How Kashmiri artists are resisting India’s months-long lockdown

Kashmiri poets use their work to express anguish against the stripping of region’s autonomy and security crackdown.

Kashmir painting
Vetasta: the latest painting by Masood Hussain, a noted artist in Indian-administered Kashmir, on the history of the region [Masood Hussain/Al Jazeera]

Srinagar, Indian-administered Kashmir – On a warm summer morning of August 5 when the Indian government announced the scrapping of Indian-administered Kashmir’s autonomy, poet Shugufta Zahid says she was devastated.

“It is a wound on our hearts and it will never be healed,” she said. “Till we are alive, it will keep on hurting us.”

More than four months since the unprecedented move, the landlocked Kashmir Valley of seven million people remains disconnected from the outside world, with the shutdown of internet and phones.

The Hindu nationalist government of Prime Minister Narendra Modi deployed thousands of additional soldiers to one of the most militarised zones of the world.

Zahid, a 55-year-old homemaker and poet, was determined to capture the mood through her poetry.

“Kalaam kar mahdood, zav tchatnai, pind dinai,” she wrote, which roughly translates into: “Restrict your words, (or) your tongue will be cut, you will be choked.”

In an unprecedented iron-fist clampdown, thousands of people have been detained, including minors.

Jabeen has been writing poems for the last 40 years in Kashmiri, Urdu and Persian languages [Al Jazeera]

“Your fate will be such,” Zahid wrote in another verse,” you will take refuge on a mountain and a cave”.

“If only, you become my slave
you will prosper,
for a speck of land
I will give you a million dinar,
I will wear you a turban
so you look like an officer,
if you talk truth
I will strangulate you,
whether you be
king or a seer”.

Zahid, who has been writing poems since her student days, said her writings are a reflection of what she sees every day.

“When there is no way to speak due to fear, this was the only small way of expression for me to lighten up my own heart,” she said, referring to the communication blockade of the past four months.

A mother of two children, Zahid said the most painful moment during the past four months was the detention of children.

“Eight year olds were snatched from the laps … bundled into jeeps, noses running, eyes swollen … they searched for their mothers … if you let others know, your throat will be slit,” she said in the verses that were inspired by the pain the detention of minors.

“Forever,” Zahid continued, “you will feel this pain … hearing this some fell asleep calling for their mothers … some stood awake the night praying …some withered in jails, some entered the graves … for some, their mothers are still in wait”.


The government records have stated that at least 144 children were detained in the four months period since the abrogation of Article 370, a law that had protected the demography of Kashmir.

“As a mother I could not bear to think how a child would sleep without his mother in jail,” she said. “His mother must be waiting for him in the evening with an empty plate. I imagined the whole situation and I wrote about it,” she said.

Like Zahid, Ruksana Jabeen has also penned poems about the recent political upheaval in Kashmir.

“Poetry comes into being when you feel pain and hurt,” Jabeen said at her home in Srinagar, a city of 1.4 million people where paramilitary checkpoints have become a permanent feature during and the markets and schools continue to remain shut.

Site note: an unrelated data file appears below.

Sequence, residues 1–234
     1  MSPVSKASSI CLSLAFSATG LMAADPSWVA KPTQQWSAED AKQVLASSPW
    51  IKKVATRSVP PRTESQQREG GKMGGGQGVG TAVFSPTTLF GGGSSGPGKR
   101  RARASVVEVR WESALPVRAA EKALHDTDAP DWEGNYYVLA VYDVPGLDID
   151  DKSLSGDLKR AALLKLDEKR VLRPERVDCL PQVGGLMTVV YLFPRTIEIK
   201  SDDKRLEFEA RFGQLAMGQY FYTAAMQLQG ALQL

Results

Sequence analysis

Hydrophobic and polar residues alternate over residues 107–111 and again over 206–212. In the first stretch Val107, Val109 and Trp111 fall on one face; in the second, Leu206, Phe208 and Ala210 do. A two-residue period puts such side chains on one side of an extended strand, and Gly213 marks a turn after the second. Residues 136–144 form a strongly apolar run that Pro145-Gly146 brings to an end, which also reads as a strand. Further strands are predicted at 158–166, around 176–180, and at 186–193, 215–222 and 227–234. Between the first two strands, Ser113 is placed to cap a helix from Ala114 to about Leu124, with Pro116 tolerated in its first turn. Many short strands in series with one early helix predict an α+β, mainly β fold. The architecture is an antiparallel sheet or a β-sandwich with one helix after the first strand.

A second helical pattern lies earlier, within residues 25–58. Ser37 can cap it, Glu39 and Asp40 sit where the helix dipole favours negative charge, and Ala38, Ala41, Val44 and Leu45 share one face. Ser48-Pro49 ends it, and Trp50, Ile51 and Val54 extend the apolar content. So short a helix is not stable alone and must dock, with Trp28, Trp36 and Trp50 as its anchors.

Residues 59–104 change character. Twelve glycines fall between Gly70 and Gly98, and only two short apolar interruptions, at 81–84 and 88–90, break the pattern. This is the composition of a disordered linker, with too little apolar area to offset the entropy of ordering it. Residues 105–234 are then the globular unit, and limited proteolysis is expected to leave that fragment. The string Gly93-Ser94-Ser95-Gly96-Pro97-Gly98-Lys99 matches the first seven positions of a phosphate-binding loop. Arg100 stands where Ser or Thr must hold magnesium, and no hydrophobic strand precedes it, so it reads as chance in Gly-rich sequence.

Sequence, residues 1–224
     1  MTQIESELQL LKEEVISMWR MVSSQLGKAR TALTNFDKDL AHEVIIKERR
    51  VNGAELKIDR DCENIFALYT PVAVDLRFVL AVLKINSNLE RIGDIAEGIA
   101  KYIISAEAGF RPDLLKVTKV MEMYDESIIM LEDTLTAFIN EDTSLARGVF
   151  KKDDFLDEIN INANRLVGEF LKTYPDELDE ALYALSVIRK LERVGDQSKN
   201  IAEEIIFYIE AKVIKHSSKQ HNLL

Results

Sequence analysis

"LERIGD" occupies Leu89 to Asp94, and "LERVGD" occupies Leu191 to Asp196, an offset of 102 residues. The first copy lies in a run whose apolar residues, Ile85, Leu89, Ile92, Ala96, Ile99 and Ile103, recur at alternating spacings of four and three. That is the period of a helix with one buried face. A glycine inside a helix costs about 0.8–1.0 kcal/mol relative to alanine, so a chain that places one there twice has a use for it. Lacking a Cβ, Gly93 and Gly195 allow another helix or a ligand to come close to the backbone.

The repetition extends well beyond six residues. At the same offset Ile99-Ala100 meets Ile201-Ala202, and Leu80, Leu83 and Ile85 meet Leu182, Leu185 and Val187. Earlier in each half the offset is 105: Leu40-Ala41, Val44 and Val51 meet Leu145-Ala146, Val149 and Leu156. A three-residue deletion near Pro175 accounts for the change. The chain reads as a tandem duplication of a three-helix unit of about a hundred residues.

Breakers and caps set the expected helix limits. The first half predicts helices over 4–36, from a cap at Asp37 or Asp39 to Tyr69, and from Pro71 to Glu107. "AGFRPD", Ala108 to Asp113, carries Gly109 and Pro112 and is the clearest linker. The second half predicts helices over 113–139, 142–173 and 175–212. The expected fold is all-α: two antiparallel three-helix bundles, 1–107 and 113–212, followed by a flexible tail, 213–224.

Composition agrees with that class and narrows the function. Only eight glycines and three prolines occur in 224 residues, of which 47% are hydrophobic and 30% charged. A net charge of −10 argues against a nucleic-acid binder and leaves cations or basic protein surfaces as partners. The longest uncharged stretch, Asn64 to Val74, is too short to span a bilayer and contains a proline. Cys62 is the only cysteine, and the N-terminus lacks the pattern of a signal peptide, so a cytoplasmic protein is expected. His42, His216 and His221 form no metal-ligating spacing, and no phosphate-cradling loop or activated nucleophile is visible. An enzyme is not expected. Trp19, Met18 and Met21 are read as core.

Jabeen, who has been writing poems for last four decades in Kashmiri, Urdu and Persian languages, felt it was her responsibility to write.

“Those who do not write about their surroundings lack conscience,” she told Al Jazeera.

In one of her poems, Jabeen made a stoic statement: “Rulers,” she wrote,”don’t understand our language … even when we say no, they consider it a yes.”

Jabeen said she wrote this verse about the abrogation of Article 370 as the Indian government “insisted” that people in Kashmir were happy with the decision.

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“Our mouths are shut, our ears are blocked, our hands are tied and they pretended that they will wear ornaments on our bodies while they ruin us,” Jabeen said.

“There is no question of not writing in this situation. It was a very difficult situation, we felt like in a jail,” she said.

Kashmiris remain fearful that the repeal of Article 370 will allow the Indian government to alter the demographic landscape similar to Israeli-style settlements on Palestinian lands.

“Tomorrow, the government can tell me to leave my home because they need it and I will not be surprised. Everything will be snatched from us. They are choking all spaces for us even in our homes,” Jabeen said.

In a quiet corner of the city, Suhail H Naqshbandi, a political cartoonist, went into a self-imposed exile from the work that he loved to do.

Naqshbandi said he has not drawn cartoons since August 5. “It felt like a mental siege,” he said.

The popular cartoonist is currently working on a book of paintings. “I thought it is something that a person imagines and desires beautiful landscapes around his place, that’s how a prisoner feels, he wants to be in those landscapes,” he said.

Masood Hussain, a renowned painter in Kashmir whose works have been globally acclaimed, said that people are “still in shock and unable to react”.

“Our state was already divided into so many parts and now they are further dividing us. This is one of the biggest shocks of our life,” he told Al Jazeera, referring to the division of the state. The two new regions – Jammu and Kashmir, and Ladakh – will now be directly ruled from New Delhi.

“We do not know what our future will be like.”

Source: Al Jazeera